Another angle to responding to this quesetion could be how to LOSE friends. I've lost a few myself, and the most common way is through lack of communication or openness. One close friend parted company with some animosity, and in spite of repeated requests on my part, never cared to explain what made him decide that I wasn't worth his time anymore. It bothered me for awhile, but I concluded that if he wasn't willing to make the effort to sort things out with me, he probably didn't value the friendship that much to begin with.

Other people have just drifted away - one of the surest ways to lose my friendship is to not keep in touch with me. Everyone is guilty of this sometimes, and I've written people off only to have them come back into the fold a few times. Another best friend, though, just stopped speaking to me. We didn't get to see each other much, but we communicated regularly via IM. At some point she just stopped responding to messages, even though she was clearly around/not idle. After awhile I gave up trying. Two years went by, and then I got an email from her. I was glad to see it at first, until I opened it and discovered it was a mass email to a whole slew of people she had "lost touch with," wanting to pick up where we left off. Sorry, but we were very close for 10+ years and then you went to complete radio silence without a word of explanation. I don't really have time for that kind of thing.

As you can see, for me it's very much a two way street. Maybe with that last friend I ought to have forgiven and forgotten, but I felt like she ditched me at a time when I really needed the support of friends. My other two buddies of 20+ years stuck by me then, and that meant a lot.
posted by autojack at 9:52 AM on October 22, 2005

Best answer: Hit rock bottom. Look around. See the people standing by you? It's them.
posted by NotMyselfRightNow at 9:58 AM on October 22, 2005 [1 favorite]

Best answer: It's funny. There is a pattern to my close friendships-- a particular personality type, and even a astrological sign (though I don't really believe in the zodiac)-- but my very closest friends don't match. I think time and shared experience are a big factor, but there is also mutal interest in each other's quirks. I have nothing in common with my best friend of 20 years. I just like the way she sees the world. We know that we couldn't live with one another, but we talk about once a week, and have for as long as I remember.

I am North American, but I have spent a fair amount of time with Russians, who find the concept on more than a couple of friends very suspicious. I was asked how many "true friends" I have. I had to pause. I really like a lot of people. It never occured to me that decide who was a friend versus an acquintance. I'm not sure I know how.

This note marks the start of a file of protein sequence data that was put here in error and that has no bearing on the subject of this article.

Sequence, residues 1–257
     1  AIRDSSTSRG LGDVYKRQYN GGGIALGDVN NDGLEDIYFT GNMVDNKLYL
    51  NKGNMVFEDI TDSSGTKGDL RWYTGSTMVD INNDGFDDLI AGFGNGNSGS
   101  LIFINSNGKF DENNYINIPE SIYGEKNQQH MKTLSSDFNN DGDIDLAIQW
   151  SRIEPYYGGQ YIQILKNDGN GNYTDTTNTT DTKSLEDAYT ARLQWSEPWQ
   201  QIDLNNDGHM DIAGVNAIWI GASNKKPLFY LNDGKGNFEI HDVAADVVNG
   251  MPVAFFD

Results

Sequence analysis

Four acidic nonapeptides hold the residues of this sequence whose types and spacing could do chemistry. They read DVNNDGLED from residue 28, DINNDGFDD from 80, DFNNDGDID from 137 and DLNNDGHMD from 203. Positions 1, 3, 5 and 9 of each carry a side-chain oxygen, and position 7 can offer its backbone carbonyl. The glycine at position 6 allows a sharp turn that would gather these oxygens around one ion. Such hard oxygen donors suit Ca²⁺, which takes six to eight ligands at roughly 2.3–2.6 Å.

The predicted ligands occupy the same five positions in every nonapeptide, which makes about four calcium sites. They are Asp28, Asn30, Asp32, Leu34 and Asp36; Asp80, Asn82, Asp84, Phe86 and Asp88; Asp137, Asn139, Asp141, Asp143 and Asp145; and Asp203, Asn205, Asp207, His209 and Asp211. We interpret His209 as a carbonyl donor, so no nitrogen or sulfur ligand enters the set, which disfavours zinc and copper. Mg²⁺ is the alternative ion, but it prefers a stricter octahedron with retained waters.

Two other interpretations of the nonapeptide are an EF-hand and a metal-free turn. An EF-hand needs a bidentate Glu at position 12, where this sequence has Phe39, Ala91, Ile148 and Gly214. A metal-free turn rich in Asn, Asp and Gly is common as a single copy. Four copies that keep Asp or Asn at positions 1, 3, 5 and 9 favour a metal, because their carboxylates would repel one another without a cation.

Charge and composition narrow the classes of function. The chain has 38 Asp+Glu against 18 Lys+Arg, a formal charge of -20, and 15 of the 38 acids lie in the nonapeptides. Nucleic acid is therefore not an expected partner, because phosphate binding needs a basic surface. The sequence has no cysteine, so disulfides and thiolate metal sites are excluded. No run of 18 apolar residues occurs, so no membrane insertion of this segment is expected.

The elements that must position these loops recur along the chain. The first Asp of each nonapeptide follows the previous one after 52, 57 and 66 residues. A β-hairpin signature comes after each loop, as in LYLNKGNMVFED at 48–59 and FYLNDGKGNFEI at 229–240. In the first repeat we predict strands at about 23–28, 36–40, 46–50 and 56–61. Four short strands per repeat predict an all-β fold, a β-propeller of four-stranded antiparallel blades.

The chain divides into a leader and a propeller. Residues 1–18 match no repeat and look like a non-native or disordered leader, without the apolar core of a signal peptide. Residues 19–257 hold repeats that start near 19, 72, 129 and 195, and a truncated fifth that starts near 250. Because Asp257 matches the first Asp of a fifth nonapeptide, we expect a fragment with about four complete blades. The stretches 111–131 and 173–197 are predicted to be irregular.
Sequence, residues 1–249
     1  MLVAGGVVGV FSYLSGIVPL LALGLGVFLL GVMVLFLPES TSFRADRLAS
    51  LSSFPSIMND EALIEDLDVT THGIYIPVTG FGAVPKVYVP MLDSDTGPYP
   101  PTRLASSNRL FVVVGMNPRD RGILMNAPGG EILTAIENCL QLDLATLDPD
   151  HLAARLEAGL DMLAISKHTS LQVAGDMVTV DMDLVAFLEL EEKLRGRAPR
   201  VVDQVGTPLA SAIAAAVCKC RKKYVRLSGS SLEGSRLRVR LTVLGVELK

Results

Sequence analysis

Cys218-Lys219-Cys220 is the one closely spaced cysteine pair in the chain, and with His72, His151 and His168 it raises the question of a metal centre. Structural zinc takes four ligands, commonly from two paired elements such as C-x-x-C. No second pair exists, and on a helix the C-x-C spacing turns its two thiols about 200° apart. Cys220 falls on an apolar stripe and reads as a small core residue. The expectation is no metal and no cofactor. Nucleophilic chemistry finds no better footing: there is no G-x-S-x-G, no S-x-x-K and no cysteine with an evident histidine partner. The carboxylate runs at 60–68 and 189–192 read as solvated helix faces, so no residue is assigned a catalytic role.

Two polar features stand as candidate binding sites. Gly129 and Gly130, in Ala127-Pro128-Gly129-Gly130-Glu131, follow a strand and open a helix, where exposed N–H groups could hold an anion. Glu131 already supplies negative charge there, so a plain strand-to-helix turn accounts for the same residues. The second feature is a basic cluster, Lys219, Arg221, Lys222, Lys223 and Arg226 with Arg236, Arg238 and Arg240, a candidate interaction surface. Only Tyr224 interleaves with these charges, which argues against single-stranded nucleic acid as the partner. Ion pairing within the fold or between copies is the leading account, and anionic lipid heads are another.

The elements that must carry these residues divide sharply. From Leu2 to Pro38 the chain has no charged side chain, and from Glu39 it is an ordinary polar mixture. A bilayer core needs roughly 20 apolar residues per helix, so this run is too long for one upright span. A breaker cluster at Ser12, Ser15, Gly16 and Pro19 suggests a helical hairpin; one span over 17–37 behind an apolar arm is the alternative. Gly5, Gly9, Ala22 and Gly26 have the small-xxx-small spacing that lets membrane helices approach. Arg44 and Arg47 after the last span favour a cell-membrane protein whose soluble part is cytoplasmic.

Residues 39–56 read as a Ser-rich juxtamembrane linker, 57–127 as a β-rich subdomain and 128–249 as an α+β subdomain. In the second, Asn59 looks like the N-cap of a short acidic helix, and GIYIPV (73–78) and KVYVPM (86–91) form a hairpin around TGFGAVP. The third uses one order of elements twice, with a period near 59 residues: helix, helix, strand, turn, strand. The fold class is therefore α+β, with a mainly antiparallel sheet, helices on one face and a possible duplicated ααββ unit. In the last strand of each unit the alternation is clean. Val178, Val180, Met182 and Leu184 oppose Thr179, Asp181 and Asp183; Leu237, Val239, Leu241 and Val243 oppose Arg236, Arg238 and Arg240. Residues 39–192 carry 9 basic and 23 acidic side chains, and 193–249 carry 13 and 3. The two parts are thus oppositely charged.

posted by gesamtkunstwerk at 10:11 AM on October 22, 2005

Shared experiences. Good or bad.
posted by blue_beetle at 10:21 AM on October 22, 2005

Dale Carnegie has some good suggestions about how to connect with people from the beginning, but he doesn't really give advice on how to take it to another level.

My best friends, as I look back over the years, are people I've participated in creating something with. What we created really barely matters; it was the process that brought us together. But not like doing a homework assignment together; I'm talking about a game of D&D, or a rock'n'roll band, or a feature film.
posted by ikkyu2 at 11:55 AM on October 22, 2005

Travel together.
posted by Aknaton at 8:07 PM on October 22, 2005

Who helps you move house is a real acid test

"A friend will help you move. A REAL friend will help you move a body."
posted by afroblanca at 9:43 PM on October 22, 2005

Best answer: I don't think they're little things. The difference between an acquaintance (or a decent-level to casual friend) and a best friend is not as much tangible as it is an overall sensation that you and the person have made a possibly lifetime commitment to understand and support each other in a way free of transitory judgements and circumstances. (Only an opinion.) Some of the few people I would consider best friends don't know everything about me. It's the quality of the way they relate to me, and I to them, that counts. They became my best friends over time, and I began realizing that I didn't 'pull my punches' or hide anything from them, present myself in a certain way, worry about false steps or dire consequences... I was totally at ease with them, and knew that they would interpret all my actions through a truly informed lens of perspective.

I suppose to cultivate that relationship you'd want to seek out the reasons that this person should be, or is, such an important part of your life, think them over to make them more concrete in your mind, and maintain them as principles that guide your feelings and actions toward them. With luck, your friend will start thinking similarly toward you, realizing what a significant person you are to him or her, and appreciating you for your insight. Developing the tolerance of bad times, I think, has to come with time, but maybe you can help your friend keep that perspective toward you.
posted by rebirtha at 1:56 PM on October 23, 2005